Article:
When Danish gastroenterologist Jacob Rosenberg encountered the malodorous problem first-hand on a flight from Copenhagen to Tokyo, he enlisted some of the finest minds in his field to address the issue. The result was an in-depth review of scientific literature on flatulence, looking at issues such as whether women’s farts smell worse than men’s (yes), what causes the odour (sulphur) and how often the average person passes wind every day (10).

The bottom line, according to the 3,000-word study published in the New Zealand Medical Journal on Friday, is that airline passengers should ignore the social embarrassment of breaking wind and “just let it go”. “(Holding back) holds significant drawbacks for the individual, such as discomfort and even pain, bloating, dyspepsia (indigestion), pyrosis (heartburn) just to name but a few resulting abdominal symptoms,” the study found. “Moreover, problems resulting from the required concentration to maintain such control may even result in subsequent stress symptoms.”

The authors—five gastroenterologists from Denmark and Britain—said that while passengers may experience poor service from the cabin crew as a result of their decision, the health benefits outweighed any negative impacts. However, they said the cockpit crew faced a lose-lose situation. “On the one hand, if the pilot restrains a fart, all the drawbacks previously mentioned, including impaired concentration, may affect his abilities to control the plane,” the researchers said. “On the other hand, if he lets go of the fart, his co-pilot may be affected by its odour, which again reduces safety onboard the flight.”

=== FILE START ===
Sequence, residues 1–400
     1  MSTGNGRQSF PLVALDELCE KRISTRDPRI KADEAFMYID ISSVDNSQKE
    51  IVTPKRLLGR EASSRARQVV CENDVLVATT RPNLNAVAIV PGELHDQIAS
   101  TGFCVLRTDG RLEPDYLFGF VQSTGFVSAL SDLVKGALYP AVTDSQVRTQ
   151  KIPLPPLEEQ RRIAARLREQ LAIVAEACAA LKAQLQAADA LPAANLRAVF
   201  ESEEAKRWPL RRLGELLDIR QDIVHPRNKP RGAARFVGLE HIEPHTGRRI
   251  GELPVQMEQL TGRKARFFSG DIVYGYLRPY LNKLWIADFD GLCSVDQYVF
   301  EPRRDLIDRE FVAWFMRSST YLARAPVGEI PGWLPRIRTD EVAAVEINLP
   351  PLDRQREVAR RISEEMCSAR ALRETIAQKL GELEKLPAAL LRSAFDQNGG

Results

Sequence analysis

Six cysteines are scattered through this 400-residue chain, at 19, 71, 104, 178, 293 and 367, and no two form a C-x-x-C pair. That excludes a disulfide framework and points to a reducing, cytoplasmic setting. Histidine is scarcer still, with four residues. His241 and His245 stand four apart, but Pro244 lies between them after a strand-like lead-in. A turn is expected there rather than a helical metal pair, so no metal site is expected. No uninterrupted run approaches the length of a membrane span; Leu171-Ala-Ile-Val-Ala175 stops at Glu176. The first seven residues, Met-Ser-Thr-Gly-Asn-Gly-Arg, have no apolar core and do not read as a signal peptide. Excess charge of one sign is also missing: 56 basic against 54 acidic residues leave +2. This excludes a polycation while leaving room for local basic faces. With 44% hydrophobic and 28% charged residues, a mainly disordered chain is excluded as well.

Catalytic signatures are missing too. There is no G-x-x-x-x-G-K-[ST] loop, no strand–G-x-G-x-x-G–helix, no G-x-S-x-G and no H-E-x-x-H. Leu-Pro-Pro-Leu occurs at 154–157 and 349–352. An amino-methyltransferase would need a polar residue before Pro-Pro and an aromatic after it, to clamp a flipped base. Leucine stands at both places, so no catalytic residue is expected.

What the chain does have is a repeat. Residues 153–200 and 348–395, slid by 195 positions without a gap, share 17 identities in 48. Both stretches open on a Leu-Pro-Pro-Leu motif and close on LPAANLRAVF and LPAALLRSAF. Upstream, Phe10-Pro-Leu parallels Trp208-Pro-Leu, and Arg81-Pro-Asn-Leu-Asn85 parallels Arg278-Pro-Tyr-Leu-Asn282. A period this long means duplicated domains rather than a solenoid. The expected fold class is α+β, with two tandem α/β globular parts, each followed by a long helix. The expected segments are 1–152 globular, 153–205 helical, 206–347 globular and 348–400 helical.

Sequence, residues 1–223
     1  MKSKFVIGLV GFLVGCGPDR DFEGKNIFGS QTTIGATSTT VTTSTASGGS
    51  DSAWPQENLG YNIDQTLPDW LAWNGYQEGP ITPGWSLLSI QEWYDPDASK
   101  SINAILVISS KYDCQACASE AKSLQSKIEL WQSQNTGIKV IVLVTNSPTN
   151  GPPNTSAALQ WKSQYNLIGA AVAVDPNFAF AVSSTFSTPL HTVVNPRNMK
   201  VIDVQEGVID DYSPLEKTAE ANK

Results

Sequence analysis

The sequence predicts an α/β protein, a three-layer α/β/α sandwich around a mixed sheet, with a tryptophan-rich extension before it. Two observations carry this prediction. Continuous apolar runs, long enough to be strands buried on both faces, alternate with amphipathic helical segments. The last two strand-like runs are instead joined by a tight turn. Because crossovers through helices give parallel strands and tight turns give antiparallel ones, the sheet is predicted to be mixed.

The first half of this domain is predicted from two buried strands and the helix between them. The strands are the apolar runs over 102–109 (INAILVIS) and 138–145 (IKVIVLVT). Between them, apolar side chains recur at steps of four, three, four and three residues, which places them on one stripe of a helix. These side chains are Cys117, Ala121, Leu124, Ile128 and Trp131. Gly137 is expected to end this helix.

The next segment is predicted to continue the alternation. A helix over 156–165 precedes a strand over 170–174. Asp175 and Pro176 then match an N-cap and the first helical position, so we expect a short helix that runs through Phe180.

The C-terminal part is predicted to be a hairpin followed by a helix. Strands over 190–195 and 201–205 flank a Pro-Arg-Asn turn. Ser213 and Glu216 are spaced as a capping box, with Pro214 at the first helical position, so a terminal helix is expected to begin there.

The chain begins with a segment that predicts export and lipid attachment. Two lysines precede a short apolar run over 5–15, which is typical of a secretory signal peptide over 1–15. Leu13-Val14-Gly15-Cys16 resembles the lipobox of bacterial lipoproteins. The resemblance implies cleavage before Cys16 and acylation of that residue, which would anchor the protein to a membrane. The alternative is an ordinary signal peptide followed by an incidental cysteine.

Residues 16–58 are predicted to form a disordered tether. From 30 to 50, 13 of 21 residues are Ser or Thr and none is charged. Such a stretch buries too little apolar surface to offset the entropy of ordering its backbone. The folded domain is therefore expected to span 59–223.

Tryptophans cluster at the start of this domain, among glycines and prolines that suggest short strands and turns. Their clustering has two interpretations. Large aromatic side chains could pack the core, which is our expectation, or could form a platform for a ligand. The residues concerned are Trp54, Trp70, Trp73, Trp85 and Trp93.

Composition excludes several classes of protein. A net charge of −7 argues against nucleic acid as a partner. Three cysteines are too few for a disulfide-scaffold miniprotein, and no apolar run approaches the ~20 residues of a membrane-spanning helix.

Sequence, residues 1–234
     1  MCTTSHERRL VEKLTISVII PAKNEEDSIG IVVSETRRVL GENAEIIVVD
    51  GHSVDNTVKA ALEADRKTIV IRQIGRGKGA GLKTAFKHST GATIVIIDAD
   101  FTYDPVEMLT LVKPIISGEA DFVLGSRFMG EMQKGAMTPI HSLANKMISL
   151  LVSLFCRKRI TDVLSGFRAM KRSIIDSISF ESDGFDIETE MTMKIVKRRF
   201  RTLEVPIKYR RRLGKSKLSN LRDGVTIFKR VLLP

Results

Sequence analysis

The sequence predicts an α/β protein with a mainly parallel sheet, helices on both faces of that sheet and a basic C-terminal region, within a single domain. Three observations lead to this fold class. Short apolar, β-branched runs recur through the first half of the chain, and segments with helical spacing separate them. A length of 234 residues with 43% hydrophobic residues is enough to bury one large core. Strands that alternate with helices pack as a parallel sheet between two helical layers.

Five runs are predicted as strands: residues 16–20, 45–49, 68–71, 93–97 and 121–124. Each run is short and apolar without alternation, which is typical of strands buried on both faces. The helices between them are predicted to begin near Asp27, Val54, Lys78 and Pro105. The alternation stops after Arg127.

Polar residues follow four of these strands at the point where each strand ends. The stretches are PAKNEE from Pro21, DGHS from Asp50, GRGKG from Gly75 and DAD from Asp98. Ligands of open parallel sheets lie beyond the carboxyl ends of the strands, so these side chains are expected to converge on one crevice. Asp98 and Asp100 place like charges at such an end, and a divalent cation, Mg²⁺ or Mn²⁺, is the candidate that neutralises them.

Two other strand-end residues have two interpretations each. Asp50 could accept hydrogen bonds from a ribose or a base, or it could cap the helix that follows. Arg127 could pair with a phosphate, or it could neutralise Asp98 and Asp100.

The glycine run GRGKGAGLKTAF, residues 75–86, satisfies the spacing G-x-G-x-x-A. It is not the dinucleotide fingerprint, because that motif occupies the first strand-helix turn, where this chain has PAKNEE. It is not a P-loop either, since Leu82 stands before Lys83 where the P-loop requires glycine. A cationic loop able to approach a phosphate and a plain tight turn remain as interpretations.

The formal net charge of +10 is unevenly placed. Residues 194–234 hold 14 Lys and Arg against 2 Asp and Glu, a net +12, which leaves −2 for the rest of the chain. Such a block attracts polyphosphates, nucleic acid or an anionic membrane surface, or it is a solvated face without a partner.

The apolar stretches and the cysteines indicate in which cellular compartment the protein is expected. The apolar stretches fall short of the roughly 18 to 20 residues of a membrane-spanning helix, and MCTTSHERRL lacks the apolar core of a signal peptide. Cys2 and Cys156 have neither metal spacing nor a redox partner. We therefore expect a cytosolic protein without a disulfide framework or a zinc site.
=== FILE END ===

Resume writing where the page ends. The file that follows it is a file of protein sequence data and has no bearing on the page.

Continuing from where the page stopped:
“We humbly propose that active charcoal should be embedded in the seat cushion, since this material is able to neutralise the odour,” they said. “Moreover active charcoal may be used in trousers and blankets to emphasise this effect.” Air New Zealand declined to comment.

Did pilot who passed out during flight have food poisoning?

Doctors believe food poisoning or a flu virus caused an Alaska Airlines pilot to pass out on a Seattle-bound flight that was diverted to Portland otto.airplaneThursday night, an airline spokeswoman said.

Alaska Airlines Flight 473 from Los Angeles to Seattle landed in Portland Thursday night after the pilot passed out. The copilot landed the Boeing 737 safely at Portland International Airport shortly after 9 p.m. and the pilot was taken to the hospital, officials said.

No one was injured.